The Power and Authority of Women in Native-Canadian Society In Western societies women have traditionally had a relatively low status. They had very little power or authority and were largely subservient to men(Anderson 55). However, this is not always the case in non-western society. In particular women in many Native-Canadian societies in the 17th and 18th centuries seemed to possess power and authority that would have been unimaginable for women in western societies. However, the status of women in Native-Canadian society is highly controversial. There are mixed reports on how much power native women actually possessed. Many sources indicate that women in native societies possesses power and authority that was equal or greater then the...The end:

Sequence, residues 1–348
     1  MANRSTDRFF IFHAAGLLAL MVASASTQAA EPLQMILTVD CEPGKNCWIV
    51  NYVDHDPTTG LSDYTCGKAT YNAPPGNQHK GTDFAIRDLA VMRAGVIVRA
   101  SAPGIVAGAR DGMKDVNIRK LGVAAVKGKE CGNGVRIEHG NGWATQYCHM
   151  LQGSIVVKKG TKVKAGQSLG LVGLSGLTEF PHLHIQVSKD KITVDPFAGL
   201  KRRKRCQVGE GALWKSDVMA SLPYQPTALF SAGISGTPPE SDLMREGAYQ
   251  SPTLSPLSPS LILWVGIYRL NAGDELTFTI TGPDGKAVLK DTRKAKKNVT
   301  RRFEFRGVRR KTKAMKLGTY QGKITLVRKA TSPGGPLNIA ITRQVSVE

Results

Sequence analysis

..... may have distorted the perceptions of women’s roles in native societies. Works Cited Anderson, Karen, Chain Her By One Foot, Routledge , New York, 1991. Blair, Karen J., Women in the Pacific North West, University of Washington Press, 2001. Castellano , Marlene Brant, “Women in Huron and Ojibwa Societies” In Canadian Women Studies, Nuzhat Amin , Frances Beer, Kathryn McPherson, Andrea Medovarski , Angela, Miles and Goli Rezai-Rashti ( eds ) Inanna Publications, Toronto, 1999: 101-106. Magee, Kathryn, ““They are the life of the Nature”” in The Canadian Journal of Native Studies, Vol.28, Iss.1, 2008: 119-139. Weist , Katherine, “Beasts of Burden and Menial Slaves” in The Hidden Half, Patricia Albers and Beatrice Medicine( eds ), 1983: 29-52.